Aligned for Success: A Guide to What Investors Look for in a Startup

Startup investors aren’t kind creatures. They’re searching for specific signs that can help to convince them to invest their cash. This guide, written from the perspective of an investor, is designed to assist startups in understanding the areas that they should focus on and focus on when seeking funds.

Passionate founders with skin in the Game

A passion for a business idea is common among entrepreneurs. They are confident in the product or service they wish to offer. They believe that the product or service will be a step up from previous products or is a fresh approach to solve an old issue or in terms of the most effective mousetrap. But how intense is their enthusiasm? Do they want to hear “No” over and over and over again and continue going?

Take a look at Ken Davenport, the Broadway producer of “Once on this Island,” who stated in his speech at the Tony Award acceptance speech,

to Paul Liben, who said yes to us when we brought 1,000 tonnes of sand, two goats, and a chicken into the theater. To all those who have a dream of doing what I do and the way everyone is doing in this room. Never give up on your plan; you will find a way to say yes.

Ken was always looking for someone to help him finance his show because he was passionate about it and a belief in the idea. He kept searching for his “yes.”

But, despite the fact that the passion of entrepreneurs would enthuse many potential funders, what investors are looking for in companies is a founder who is willing to put their own money into the venture. While I was working in the field of real loans for equipment and property, I received an offer from an individual who wanted to establish a kiwi farming operation in Georgia. He told me that while the New Zealand growers were having winter, Georgia was having summer, and it would have the market all to itself. He’d located the land for sale and had a list of the equipment he needed to purchase, and he’d identified wholesalers of fruit who might purchase his produce (although he was not obligated to buy it). He hoped to sell kiwis for just 50 cents each. All required was a 100 percent financing of the initial cost. I explained to him, “What you have is an idea, not a business.” By the way, this was a long time ago, and I’ve never seen kiwis sold at over 33 cents never.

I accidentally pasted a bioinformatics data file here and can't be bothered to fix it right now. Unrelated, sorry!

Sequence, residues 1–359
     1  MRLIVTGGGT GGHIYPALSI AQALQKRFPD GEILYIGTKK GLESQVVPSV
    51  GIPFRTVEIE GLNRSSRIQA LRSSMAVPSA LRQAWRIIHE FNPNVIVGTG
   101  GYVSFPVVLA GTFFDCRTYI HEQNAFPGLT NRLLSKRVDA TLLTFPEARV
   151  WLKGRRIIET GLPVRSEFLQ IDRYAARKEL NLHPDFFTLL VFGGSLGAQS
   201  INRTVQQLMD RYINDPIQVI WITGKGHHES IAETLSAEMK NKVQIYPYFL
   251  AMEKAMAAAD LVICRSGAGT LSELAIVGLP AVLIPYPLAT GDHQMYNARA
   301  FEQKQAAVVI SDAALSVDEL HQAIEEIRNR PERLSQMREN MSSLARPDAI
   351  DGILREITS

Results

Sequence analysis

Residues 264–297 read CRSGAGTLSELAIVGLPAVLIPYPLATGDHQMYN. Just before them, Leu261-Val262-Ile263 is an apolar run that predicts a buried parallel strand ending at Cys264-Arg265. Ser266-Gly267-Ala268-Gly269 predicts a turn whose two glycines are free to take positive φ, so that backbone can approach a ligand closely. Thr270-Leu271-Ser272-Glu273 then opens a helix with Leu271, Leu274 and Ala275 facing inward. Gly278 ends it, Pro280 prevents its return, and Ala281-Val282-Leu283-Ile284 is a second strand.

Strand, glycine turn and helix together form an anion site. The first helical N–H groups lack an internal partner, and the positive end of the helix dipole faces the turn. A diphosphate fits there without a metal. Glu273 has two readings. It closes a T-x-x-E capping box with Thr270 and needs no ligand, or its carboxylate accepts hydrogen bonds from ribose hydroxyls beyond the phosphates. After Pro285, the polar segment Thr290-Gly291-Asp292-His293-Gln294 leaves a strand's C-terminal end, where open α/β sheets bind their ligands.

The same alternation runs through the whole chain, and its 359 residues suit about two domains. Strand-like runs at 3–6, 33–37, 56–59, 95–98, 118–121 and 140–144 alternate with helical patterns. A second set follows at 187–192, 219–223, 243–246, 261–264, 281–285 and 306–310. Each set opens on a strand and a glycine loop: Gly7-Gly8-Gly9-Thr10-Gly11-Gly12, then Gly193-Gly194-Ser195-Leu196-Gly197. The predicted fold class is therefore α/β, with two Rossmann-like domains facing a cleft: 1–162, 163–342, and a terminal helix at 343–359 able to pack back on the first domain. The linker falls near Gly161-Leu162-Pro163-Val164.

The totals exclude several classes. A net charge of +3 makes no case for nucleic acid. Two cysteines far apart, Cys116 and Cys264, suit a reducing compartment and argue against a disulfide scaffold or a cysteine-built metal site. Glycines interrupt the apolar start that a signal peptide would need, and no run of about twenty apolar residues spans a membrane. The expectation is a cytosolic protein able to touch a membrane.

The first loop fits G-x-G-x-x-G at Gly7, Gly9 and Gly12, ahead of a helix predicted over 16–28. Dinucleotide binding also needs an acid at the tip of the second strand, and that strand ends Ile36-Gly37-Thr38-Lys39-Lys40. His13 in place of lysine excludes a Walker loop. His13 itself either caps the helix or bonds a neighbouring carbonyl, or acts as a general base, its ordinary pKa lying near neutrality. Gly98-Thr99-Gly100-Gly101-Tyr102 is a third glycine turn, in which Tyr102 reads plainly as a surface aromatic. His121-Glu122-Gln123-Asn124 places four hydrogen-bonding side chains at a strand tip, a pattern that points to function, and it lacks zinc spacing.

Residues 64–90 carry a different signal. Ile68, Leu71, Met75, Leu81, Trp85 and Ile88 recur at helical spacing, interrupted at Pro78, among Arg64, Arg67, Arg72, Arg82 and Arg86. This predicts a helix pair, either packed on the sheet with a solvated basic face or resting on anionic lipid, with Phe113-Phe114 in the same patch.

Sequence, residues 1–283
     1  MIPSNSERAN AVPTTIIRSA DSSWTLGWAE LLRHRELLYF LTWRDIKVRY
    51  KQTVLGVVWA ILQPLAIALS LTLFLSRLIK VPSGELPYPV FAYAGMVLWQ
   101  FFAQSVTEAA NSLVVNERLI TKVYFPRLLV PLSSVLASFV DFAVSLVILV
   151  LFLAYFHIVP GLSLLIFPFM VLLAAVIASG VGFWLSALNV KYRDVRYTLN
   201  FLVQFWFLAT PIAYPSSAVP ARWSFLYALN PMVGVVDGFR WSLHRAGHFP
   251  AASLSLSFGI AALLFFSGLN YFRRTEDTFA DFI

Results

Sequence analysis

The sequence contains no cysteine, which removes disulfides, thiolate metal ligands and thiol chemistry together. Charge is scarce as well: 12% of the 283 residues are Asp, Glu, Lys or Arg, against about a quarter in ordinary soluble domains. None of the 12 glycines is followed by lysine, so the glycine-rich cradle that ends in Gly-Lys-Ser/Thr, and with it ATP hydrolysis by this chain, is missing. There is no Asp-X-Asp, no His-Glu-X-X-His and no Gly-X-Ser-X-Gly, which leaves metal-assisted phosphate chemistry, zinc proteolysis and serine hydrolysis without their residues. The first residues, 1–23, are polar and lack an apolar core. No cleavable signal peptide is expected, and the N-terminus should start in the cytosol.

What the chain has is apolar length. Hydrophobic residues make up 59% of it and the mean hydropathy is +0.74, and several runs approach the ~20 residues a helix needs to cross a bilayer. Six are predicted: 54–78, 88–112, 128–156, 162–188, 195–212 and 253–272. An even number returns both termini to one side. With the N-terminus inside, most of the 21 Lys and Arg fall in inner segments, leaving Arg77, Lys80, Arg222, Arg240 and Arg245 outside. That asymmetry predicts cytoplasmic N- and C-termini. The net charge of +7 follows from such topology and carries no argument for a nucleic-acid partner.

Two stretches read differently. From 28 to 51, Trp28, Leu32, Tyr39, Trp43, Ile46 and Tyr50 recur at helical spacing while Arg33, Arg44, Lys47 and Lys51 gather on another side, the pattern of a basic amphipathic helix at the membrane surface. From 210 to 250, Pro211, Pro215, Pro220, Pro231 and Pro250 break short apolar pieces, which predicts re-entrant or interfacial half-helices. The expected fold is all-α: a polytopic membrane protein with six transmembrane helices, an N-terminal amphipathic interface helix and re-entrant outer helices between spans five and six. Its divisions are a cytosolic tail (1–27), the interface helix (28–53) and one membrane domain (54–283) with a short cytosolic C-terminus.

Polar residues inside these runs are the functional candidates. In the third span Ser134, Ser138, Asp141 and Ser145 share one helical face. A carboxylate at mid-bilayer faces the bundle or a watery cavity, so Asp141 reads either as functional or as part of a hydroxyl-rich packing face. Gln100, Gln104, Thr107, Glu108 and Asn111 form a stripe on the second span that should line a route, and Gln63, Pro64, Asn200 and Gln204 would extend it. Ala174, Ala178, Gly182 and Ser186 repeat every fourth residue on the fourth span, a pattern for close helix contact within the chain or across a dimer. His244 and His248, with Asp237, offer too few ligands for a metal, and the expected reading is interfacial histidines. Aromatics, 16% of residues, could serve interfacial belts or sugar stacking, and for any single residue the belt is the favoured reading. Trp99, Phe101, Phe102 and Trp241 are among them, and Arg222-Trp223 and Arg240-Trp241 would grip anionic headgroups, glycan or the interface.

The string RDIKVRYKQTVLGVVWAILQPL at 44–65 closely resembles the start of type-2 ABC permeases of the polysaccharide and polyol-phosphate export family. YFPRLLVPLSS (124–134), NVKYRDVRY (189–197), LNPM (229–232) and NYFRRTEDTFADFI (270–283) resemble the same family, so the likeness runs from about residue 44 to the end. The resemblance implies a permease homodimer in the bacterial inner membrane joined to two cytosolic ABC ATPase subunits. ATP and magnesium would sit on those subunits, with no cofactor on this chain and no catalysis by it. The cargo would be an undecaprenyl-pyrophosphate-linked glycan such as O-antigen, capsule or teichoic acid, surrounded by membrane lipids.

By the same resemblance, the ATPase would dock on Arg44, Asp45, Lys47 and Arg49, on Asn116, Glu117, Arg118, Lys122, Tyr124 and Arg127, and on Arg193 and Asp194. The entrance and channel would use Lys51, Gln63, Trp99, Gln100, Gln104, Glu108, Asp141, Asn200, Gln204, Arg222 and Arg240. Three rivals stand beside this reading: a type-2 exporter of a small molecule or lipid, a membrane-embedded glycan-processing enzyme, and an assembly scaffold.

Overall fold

As founders, you’ll be required to find the capital you need to start your business. It can be done with your savings, loans from family members, friends, and family, as well as other sources. However, you have to be able to show that you believe in your products or services enough to invest your funds. It will be your responsibility to start your business from the start by yourself.


The majority of the time, an entrepreneur’s new venture must prove that it is a product or service that is marketable when it has been operating for a while and demonstrated its ability to market its product. In a way, the venture should be able to provide the “proof of concept” to present investors with proof of concept.

I worked with a company that was looking to charge viewers to view targeted ads basically. They tried to test the market by aggregating hyperlinks to advertisements on YouTube in various categories and then paying individuals a few dollars to watch ads that they believed were pertinent to them. It was discovered that people would pay for ads if you offered them. Therefore, they thought that people would pay for advertisements if they were rewarded with real worth. The company was able to obtain seed funding and gain the interest of a VC firm that was seriously considering investing in the platform. It turned out that while people pay attention to ads, they would not always view them to see if they were worth it in any way. However, the fact that a certain amount of momentum and proof-of-concept was attained was the reason why the platform was chosen for financing.